“So how do you identify those patients?” asks Garthwaite. How do you get coverage of that DNA test in addition to coverage of your product? And then how do you incentivize the doctors to want to test for this?
Pharmaceutical companies aren’t the only ones facing a mismatch between what would best serve patients and the incentive structures currently in place. Take MRIs. Hospitals charge a lot more for MRIs than do nonhospital providers. Yet most MRIs are done at hospitals. Why? Physician referrals. Doctors have no real incentive to refer patients to less-expensive providers, so they don’t, unnecessarily increasing healthcare spending for everyone.
“The incentives need to be on the provider,” says Garthwaite.
Wave of Integration
Still, proper incentives are challenging to design, particularly as healthcare gets more complex, which means nobody is quite sure which incentives will generate how much value at which level of the system. After all, no insurer or hospital wants to incentivize providers to behave in one way, only to have all of the benefits of those incentives accrue to some other firm. Which is why companies are increasingly trying to fill as many roles as possible.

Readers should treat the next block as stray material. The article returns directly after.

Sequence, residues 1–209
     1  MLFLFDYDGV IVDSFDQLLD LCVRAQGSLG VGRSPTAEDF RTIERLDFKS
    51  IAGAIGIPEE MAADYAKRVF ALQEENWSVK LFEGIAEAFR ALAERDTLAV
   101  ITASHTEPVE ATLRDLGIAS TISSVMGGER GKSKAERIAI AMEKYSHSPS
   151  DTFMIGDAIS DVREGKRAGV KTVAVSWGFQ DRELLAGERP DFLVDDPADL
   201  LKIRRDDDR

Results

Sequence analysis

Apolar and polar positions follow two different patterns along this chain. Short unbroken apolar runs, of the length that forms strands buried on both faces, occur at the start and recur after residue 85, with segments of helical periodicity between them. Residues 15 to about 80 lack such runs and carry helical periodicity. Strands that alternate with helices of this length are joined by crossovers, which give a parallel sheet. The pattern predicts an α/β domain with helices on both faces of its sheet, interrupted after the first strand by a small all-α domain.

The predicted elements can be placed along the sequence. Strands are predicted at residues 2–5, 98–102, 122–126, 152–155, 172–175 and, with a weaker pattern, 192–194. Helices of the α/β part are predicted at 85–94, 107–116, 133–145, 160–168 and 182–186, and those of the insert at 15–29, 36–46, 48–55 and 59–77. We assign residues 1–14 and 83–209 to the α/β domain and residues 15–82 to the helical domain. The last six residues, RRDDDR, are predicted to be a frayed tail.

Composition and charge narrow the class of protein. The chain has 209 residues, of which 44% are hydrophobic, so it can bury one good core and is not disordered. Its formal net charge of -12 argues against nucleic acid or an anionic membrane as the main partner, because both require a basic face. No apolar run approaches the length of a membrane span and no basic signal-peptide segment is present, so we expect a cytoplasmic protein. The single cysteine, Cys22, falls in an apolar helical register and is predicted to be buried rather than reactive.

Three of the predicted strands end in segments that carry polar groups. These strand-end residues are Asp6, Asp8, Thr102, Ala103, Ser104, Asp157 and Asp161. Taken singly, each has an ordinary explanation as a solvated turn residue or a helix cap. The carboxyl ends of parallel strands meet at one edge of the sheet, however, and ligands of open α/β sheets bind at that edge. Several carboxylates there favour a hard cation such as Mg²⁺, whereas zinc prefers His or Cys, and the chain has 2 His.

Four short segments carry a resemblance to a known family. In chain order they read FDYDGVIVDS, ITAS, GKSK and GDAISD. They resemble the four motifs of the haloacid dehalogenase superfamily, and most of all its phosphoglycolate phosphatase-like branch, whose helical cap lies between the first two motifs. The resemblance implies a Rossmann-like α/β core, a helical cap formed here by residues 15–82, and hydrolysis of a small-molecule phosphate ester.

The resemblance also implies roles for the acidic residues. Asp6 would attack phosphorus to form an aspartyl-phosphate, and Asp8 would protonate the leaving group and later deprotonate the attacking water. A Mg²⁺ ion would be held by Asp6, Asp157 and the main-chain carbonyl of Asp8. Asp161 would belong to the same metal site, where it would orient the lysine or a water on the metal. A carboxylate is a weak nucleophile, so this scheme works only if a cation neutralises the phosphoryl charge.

“I think that’s why you’ve seen this increasing amount of vertical integration in the market,” says Garthwaite. He also points to startups like Oak Street Health, which is a risk-bearing primary care practice, meaning they assume responsibility for all of the healthcare costs for patients in the hopes of saving money on their care and pocketing the difference. Ultimately, the goal is for providers to be responsible for not just services but value.
“We want to pay for health, as opposed to … the consumption of healthcare services,” says Garthwaite.
He notes that other types of healthcare systems, such as a single-payer system, do a better job of incentivizing health as an outcome. In the UK, for instance, the National Health Service has every incentive to invest in preventative medicine for five-year-olds, knowing those investments will pay off over time, since the system will still be insuring them when they’re 80.